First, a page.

How to Reduce Greenhouse Light Pollution
In many places in N. America and Europe, residents are complaining about light pollution, in the form of bright purple lights covering the nighttime sky.
These strange lights aren’t a mystery, they come from greenhouses. Most commonly, cannabis greenhouses. These complaints are now moving many counties and towns to regulate greenhouse light pollution.
Luckily, reducing light pollution from greenhouses is actually pretty simple. The cannabis industry, which is well-versed in adapting to regulations, will without a doubt manage this hurdle.
Greenhouse Grow Lights Cause Light Pollution
Greenhouse light pollution is a relatively new issue. This is due to two changes in the greenhouse sector. The first, is the rise of greenhouse cannabis cultivation. Cannabis requires a highly specific lighting regimen. For the early vegetative phase, it requires 18 hours of full light, and only 6 hours of darkness, per day. Some growers even choose to keep the lights on 24/7 during early stages.
The second change to the industry, is the widespread use of LED grow lights. LED is much more efficient than traditional HPS, making it more feasible to keep the greenhouse lights on, as much as necessary.
As greenhouses are designed to let sunlight in during the day, it’s inevitable for light to escape during the night. This raises concer
What Is Light Pollution?
Light pollution is exactly what it sounds like – excessive use of artificial light, which harms the environment. But why is light a problem?
Too much light in the environment during the night has many negative effects. First, it affects the ecosystem.
Animals and plants rely on nature’s cycle of night and day. Excessive light can disrupt wildlife navigation and feeding, having negative consequences for animal populations. It also disrupts the growth and development of wild plants in the area, which also require darkness during the night.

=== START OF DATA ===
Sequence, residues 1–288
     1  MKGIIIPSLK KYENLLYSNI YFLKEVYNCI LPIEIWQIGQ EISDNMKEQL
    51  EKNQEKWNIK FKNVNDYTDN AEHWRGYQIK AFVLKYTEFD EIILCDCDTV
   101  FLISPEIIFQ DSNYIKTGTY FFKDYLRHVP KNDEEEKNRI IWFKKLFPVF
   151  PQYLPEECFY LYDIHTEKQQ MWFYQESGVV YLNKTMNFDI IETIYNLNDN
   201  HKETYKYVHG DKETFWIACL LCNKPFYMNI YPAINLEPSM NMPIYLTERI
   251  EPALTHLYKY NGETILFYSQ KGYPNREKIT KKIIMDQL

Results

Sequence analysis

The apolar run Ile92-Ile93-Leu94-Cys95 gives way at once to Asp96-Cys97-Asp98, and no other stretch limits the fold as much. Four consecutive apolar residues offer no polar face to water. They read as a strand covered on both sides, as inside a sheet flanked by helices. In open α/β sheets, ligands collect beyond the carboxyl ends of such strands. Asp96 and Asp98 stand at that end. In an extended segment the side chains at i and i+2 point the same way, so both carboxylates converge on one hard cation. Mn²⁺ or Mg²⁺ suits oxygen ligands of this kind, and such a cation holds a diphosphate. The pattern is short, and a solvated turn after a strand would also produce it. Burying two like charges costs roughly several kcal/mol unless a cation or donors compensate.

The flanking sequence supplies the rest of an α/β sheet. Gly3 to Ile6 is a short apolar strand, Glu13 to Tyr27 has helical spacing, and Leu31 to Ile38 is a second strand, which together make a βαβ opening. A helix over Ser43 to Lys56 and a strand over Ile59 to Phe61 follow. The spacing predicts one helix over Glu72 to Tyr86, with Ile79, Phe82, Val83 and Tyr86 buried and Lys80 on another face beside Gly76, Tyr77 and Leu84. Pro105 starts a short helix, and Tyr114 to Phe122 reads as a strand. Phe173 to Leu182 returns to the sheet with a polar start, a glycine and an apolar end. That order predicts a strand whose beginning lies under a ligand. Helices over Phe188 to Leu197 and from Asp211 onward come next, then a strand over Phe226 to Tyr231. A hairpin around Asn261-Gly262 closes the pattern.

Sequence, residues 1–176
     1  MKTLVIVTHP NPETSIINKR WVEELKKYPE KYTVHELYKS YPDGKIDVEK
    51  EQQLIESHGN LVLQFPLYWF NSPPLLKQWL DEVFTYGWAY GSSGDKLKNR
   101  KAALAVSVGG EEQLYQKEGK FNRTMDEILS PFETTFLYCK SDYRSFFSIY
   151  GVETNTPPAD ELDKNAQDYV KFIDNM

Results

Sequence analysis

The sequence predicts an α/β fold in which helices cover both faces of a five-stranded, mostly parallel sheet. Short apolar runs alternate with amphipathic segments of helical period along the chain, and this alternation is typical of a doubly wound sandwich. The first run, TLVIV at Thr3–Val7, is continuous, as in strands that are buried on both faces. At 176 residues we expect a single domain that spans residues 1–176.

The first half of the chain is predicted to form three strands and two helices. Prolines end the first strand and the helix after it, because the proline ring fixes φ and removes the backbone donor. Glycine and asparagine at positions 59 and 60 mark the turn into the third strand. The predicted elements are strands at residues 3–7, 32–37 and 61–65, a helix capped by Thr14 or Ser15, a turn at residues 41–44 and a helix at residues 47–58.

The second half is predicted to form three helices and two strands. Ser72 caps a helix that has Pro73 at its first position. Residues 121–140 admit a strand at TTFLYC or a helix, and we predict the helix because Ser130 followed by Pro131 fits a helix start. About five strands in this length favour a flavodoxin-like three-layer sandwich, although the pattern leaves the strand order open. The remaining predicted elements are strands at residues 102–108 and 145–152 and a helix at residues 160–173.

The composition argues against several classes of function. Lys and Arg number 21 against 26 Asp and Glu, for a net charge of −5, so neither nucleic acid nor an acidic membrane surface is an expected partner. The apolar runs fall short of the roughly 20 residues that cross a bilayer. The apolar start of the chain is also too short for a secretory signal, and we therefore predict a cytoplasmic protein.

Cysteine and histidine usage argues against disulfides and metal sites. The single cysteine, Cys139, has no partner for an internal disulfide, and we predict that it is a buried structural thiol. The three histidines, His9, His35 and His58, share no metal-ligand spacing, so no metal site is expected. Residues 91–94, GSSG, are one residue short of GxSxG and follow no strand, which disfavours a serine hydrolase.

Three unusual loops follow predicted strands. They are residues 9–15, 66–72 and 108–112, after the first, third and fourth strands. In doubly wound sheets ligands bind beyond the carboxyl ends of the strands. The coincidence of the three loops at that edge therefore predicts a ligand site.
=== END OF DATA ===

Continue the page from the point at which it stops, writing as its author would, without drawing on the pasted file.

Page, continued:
The second problem with light pollution, which is the main reason for the regulatory changes, is the impact on human health and psychology.
Excessive light exposure during the night has adverse effects on our brains. It inhibits the production of melatonin during sleep, and is associated with increased fatigue, headaches and stress. The American Medical Association has also acknowledged the negative impact of light pollution.
How Can Growers Reduce Greenhouse Light Pollution?
Cannabis growers won’t stop using grow lights during the night, as the plants require it. Luckily, reducing greenhouse light pollution isn’t a complex issue, even with the lights on. Basically, it’s all about restricting light from escaping.
Reducing light pollution simply requires growers to install retractable blackout screens and window coverings.
This is an investment most growers aren’t quick to make, understandably. But in fact, it holds more benefits for growers than just compliance with regulations, and it can pay for itself in time.
Using a blackout screen and window covers increases the greenhouse’s insulation, reducing the heat transfer with the outdoors. This helps to maintain warm, optimal temperatures inside, by avoiding unnecessary heat loss, which is a major energy expense.
Solving the Greenhouse Humidity Problem
The most common problem holding growers back from sealing their greenhouses is humidity.
In a closed greenhouse, humidity inevitably rises. This is especially true overnight, when it’s colder and the air can’t hold as much water vapor, increasing the relative humidity.
The best solution to this issue is to use dehumidifiers to control humidity during the night. Dehumidification is also much more efficient than ventilation in reducing humidity, and is possible when ventilation isn’t, like when it’s humid, raining or extremely cold outside.
By incorporating blackout screens and dehumidifiers, you can get multiple benefits – avoid light pollution, maintain low humidity and save energy, all from within the greenhouse.